Cash boost to help plans for new pool

Plans to build a hydrotherapy pool at a school have been boosted by a cash donation.

Monday, 19th December 2016, 2:28 pm
Updated Saturday, 24th December 2016, 9:40 am
Lynemouth Powers Deborah Walton (left) with headteacher Kevin Burdis and pupils from Cleaswell Hill School - Holly Jones, Charlie Cromwell, Ben Siney, Adam Caw and Ben Burton-Payne. Picture by Simon Williams.

Cleaswell Hill School, which has 172 children aged between two and 19, is looking to build the facility to support children with various disabilities and special needs.

And the Guide Post-based school has been backed by Lynemouth Power Limited who have donated £5,000.

Headteacher Kevin Burdis is leading a campaign to raise £550,000 for a purpose-built pool on his school’s grounds as otherwise pupils have to travel to other pools.

He said: “We’ve allocated £200,000 from our own budget and we’re relying on the generosity of local business, parents and other friends of the school to raise the remainder.

“Hydrotherapy provides numerous benefits to children with a range of physical, medical or emotional needs.

“It strengthens muscles and joints, stimulates movement and has wonderfully soothing qualities, especially for children with autism.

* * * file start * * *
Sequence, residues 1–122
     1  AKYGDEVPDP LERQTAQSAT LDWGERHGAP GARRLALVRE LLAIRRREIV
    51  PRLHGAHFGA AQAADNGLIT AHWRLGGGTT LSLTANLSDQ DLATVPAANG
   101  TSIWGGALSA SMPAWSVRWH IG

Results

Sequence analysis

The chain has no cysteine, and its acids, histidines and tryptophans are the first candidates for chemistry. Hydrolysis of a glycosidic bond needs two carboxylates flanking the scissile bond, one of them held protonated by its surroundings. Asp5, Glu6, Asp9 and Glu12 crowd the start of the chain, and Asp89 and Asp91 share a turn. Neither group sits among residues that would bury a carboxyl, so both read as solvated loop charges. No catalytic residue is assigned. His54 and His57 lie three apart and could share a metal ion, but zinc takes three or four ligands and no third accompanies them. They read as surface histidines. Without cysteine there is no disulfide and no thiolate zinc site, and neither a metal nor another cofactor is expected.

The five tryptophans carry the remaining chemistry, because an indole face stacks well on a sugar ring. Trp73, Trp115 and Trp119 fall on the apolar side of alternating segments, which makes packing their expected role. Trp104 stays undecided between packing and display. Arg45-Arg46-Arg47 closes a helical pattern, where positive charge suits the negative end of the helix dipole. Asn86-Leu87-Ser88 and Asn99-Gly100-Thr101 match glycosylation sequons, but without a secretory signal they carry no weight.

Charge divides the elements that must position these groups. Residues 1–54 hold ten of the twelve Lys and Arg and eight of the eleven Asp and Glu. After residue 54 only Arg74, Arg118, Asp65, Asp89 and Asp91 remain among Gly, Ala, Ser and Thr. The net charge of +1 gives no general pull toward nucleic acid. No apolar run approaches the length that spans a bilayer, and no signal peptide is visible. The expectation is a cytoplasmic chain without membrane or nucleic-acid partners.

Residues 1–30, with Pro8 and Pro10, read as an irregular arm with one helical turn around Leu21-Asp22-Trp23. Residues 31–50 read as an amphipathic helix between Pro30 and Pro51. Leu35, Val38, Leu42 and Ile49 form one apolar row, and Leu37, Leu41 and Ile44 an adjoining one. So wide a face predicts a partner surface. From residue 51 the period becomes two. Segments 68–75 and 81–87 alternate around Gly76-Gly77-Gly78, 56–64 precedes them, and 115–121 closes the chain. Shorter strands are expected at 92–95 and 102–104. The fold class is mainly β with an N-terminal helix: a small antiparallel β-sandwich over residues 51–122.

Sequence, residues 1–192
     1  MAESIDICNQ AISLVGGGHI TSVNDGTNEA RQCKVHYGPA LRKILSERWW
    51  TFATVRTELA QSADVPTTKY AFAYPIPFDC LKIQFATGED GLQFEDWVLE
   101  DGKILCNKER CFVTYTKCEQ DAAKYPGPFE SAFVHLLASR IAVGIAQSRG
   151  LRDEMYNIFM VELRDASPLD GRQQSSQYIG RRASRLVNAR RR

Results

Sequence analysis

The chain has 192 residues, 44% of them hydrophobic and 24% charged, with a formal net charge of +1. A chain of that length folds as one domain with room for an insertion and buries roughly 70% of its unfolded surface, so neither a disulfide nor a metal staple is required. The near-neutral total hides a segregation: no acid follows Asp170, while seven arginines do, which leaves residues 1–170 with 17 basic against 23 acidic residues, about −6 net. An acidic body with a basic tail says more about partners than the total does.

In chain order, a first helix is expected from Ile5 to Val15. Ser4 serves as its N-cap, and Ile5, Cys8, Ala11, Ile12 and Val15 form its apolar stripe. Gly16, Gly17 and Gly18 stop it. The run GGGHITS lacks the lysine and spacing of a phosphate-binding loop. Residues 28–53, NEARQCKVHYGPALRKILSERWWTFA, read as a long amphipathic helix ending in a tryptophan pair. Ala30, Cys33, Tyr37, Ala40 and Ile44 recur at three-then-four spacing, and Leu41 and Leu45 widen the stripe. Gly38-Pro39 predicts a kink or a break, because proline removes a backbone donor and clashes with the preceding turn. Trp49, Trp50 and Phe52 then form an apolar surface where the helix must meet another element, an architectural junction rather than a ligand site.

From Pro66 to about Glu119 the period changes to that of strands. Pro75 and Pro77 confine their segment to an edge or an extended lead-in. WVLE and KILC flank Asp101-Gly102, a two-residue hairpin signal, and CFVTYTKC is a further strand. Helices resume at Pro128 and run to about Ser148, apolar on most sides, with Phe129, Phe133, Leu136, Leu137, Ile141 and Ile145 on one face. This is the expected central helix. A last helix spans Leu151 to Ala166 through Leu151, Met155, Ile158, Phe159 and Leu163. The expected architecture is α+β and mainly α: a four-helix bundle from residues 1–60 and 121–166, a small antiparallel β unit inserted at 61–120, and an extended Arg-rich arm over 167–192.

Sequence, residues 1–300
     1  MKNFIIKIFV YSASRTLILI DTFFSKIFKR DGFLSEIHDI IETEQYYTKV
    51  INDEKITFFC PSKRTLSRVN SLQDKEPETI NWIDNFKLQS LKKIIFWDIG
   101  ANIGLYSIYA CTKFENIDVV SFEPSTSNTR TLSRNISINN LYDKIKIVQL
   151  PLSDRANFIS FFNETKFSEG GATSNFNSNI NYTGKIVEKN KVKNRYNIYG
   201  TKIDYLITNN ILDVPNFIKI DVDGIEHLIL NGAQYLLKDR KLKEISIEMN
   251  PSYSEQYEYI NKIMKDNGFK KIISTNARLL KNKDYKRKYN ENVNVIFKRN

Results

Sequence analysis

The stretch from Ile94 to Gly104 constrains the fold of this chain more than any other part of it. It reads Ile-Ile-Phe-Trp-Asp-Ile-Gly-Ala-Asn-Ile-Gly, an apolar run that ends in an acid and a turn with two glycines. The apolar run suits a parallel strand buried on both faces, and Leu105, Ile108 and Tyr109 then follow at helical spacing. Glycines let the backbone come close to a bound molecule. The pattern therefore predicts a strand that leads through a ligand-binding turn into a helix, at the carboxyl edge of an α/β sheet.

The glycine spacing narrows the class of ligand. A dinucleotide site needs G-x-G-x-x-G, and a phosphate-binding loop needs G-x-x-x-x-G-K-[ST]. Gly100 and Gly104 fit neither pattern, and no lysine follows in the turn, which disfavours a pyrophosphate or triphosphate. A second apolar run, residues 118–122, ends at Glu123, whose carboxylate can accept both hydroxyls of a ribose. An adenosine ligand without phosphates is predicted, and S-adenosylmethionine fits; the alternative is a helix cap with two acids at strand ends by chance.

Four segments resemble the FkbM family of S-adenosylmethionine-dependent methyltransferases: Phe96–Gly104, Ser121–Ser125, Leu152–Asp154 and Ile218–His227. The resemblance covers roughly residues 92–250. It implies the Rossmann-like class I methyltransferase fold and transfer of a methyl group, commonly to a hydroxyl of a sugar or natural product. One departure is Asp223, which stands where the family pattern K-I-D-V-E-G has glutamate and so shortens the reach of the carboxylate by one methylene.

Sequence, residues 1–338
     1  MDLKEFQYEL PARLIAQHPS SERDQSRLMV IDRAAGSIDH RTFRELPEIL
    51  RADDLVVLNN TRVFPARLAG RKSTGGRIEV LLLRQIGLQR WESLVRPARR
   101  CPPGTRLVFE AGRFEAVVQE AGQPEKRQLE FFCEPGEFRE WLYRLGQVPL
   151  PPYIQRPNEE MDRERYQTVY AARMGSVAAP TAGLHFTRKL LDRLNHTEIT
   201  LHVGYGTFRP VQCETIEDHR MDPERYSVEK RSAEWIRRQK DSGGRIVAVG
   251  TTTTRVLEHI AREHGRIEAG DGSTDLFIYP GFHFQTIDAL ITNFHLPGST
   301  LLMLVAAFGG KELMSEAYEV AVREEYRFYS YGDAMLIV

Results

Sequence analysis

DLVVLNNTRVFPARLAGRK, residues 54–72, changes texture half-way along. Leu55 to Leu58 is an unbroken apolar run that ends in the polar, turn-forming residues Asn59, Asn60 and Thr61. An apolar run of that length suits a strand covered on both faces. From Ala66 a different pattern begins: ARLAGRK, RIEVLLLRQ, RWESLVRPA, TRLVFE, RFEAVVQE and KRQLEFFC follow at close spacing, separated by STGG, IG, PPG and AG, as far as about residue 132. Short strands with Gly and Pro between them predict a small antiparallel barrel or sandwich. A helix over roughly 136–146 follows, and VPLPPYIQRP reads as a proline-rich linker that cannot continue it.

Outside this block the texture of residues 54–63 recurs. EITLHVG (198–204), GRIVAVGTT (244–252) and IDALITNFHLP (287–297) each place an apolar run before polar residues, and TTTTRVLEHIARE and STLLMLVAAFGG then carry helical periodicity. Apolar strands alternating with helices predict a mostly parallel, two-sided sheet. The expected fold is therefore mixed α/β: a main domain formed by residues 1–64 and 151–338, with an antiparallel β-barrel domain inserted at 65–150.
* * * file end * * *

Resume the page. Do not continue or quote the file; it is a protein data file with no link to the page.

“If we can build our own pool we will save on the costs of having to travel elsewhere and even more importantly, the children won’t miss out on their lessons and other activities.

“All of us at Cleaswell Hill are extremely grateful to Lynemouth Power Ltd for this very kind donation.”

Deborah Walton, finance director at Lynemouth Power, said: “Our team has been hugely impressed by the dedication shown by Cleaswell Hill staff to ensure all of the children receive the best possible life-enhancing opportunities.”

“The school has put together a very compelling, robust financial case and we wish them all the very best with their future fundraising. I can’t wait to see the finished pool and the rewards it will bring to so many local children.”

Lynemouth Power Limited, which employs more than 130 people, is in the process of being converted from a coal-fired plant to biomass. On completion, the plant will generate sufficient green energy to power 450,000 homes.